Help identifying fabric please!

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I just inherited a few boxes of fabric from a friend - and I need help
identifying it.  Some I can tell, like some of the silks, but there is
lots of slinky silky fabrics and I'd like to find some way of telling
if its a poly, silk, cotton, rayon.

Am I dreaming that there is a miracle way to do this?  I heard
somewhere that you can burn it but i don't know what to do after I
light the flame? ;-) besides cry...  i mean burn the fabric - that's
heresy!

anyway thank you for indulging my questions.

xx/oo

angeline


Re: Help identifying fabric please!
angeline wrote:
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Try this fabric identification site:

http://www.fabrics.net/fabricsr.asp

HTH,

Beverly



Re: Help identifying fabric please!
On Fri, 16 Feb 2007 00:52:13 -0800, "BEI Design"

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It left out a couple of points -- you ignite the fabric with a lit
candle, so as not to burn your fingers with a match.    Using tweezers
or tongs, hold a very small sample near the flame for a while before
igniting it; fabrics often behave in informative ways when hot.

Set the candle on the kitchen stove; working down inside a bucket is
more likely to cause problems than to prevent them.  Be prepared to
turn the exhaust fan on "high" if the fabric turns out to be
synthetic.    If you don't have access to a kitchen, work outdoors,
well away from buildings, dry plant matter, etc.  

Another chemical test:  pour a little 2.75% sodium hypochlorite AKA
household bleach into a shot glass.  Drop in a small sample of fiber.
Any fiber that is still there in the morning is not an animal fiber.
Fine animal fibers such as wool are usually gone in an hour.   I think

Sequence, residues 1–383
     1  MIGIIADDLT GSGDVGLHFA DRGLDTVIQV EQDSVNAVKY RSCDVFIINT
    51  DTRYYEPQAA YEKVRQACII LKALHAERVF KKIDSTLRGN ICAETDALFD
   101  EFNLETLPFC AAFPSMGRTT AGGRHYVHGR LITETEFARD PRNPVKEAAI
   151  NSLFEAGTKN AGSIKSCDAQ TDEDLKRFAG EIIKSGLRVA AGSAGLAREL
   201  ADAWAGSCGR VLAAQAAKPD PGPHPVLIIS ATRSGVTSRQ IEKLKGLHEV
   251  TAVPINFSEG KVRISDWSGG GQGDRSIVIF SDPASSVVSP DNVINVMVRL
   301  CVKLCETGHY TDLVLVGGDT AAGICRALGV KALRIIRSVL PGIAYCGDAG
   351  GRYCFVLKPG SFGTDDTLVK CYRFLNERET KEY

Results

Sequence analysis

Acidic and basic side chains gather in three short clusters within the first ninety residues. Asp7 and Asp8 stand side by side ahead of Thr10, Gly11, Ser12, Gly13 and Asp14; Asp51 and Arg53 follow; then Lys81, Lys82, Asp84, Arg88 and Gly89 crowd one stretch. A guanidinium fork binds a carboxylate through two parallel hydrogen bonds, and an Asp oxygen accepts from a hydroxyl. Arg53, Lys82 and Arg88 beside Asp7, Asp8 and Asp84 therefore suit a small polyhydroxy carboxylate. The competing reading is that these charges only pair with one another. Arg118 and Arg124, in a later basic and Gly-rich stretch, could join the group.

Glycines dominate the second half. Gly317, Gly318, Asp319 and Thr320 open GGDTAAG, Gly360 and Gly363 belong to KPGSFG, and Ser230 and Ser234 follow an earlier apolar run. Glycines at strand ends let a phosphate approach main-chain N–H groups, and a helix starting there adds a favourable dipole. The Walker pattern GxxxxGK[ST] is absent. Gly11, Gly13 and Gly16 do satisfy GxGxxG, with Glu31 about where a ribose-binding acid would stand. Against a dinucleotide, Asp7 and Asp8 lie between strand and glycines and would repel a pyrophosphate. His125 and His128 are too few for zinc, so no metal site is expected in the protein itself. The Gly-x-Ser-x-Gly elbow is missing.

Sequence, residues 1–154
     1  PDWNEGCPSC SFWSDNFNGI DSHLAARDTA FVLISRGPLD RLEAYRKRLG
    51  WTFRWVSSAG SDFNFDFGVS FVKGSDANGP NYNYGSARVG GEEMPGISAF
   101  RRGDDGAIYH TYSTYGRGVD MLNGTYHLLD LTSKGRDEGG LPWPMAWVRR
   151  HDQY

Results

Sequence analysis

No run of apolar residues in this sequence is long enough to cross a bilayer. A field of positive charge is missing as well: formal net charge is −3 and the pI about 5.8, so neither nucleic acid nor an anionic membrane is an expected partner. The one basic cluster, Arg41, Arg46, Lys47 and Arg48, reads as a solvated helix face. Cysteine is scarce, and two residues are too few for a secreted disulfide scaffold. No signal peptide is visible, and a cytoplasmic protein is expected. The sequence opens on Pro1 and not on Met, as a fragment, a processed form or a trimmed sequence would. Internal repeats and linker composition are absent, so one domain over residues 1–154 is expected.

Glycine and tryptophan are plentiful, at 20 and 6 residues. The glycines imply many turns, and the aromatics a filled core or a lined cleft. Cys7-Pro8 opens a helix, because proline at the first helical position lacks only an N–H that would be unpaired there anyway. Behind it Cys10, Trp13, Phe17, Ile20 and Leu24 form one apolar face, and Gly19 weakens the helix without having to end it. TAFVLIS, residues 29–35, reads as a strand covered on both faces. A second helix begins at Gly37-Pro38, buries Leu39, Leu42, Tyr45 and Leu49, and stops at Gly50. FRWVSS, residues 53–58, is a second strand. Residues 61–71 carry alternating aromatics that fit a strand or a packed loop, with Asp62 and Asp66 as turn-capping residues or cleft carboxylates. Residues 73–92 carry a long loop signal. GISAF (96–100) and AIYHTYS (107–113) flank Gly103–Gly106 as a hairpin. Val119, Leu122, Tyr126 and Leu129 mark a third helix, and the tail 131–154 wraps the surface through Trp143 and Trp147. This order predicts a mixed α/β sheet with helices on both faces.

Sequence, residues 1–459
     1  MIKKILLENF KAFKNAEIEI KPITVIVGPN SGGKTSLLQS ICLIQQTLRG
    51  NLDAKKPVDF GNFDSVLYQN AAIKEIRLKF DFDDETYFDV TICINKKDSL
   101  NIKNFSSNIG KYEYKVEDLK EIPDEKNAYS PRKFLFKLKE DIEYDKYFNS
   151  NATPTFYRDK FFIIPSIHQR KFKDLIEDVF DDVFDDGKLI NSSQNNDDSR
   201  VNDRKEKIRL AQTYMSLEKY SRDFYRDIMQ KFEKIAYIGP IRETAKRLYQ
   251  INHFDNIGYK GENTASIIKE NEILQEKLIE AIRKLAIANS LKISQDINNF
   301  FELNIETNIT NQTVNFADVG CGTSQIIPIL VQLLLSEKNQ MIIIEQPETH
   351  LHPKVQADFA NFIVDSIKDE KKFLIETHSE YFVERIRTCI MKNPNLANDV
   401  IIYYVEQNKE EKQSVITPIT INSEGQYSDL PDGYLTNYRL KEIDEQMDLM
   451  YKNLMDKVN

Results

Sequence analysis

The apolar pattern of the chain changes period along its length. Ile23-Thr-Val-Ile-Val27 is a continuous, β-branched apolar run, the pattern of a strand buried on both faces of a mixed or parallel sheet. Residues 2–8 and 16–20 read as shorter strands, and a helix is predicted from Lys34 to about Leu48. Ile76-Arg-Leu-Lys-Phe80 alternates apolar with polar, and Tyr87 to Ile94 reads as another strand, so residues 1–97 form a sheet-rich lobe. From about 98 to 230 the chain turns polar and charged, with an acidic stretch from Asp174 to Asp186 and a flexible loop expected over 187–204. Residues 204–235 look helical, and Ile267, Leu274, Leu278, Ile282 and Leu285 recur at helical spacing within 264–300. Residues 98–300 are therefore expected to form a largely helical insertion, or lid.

a sample of human hair took two hours, but it has been a long time
since I did it.

Joy Beeson
--
joy beeson at comcast dot net
http://roughsewing.home.comcast.net/ -- sewing
We've slightly trimmed the long signature. Click to see the full one.
Re: Help identifying fabric please!
angeline wrote:

Quoted text here. Click to load it

I do burn testing in my garage with the cars pulled out and the doors
closed.  Why?  OK.  Big space with a concrete floor.  If anything I'm
burning gets out of control, I can drop it on the concrete floor and stomp
the flames out.  (this is one time I DO wear shoes) The big advantage to
burn testing in the garage?  I can smell the sample as it is burning.  What
it smells like is a real clue to a lot of the fabrics.  Plus, burning
outside in the wind???   Hello.  Try keeping something lit in that.  Did it
self extinguish or did it blow out?  ;)

My personal favorite guide for burn testing is in Claire Shaeffer's Fabric
Sewing Guide.  If you don't have a copy in your personal library, try the
public library. But treat yourself and buy one when you can.  ;)  It really
is a marvelous book.  

And I know, it's hard to light that first flame.  But you don't need a big
piece.  Cut off maybe a 1" corner.  That will give you enough to cut
smaller and burn test 2 or 3 times on that one fabric.  Sometimes they burn
fast and you aren't sure of the result the first time.  That's OK.  Good
luck!!

Sharon
---
Never try to teach a pig to sing.  It's a waste of time and just annoys the
pig.  

Re: Help identifying fabric please!
Merciful Heavens, you all make it sound complicated!  I keep a cigarette
lighter and a VERY LARGE ashtray in the studio.  To test, I cut a sliver
about two or three inches long, roughly a quarter-inch wide at the
selvedge edge tapering to nothing.  Hold the lighter to the fabric
sliver OVER the ashtray, light it up, sniff, then blow it out and smell
the smoke.  After it cools a second or two later, check whether it has
left ash or a bead.

Olwyn Mary in New Orleans.

--
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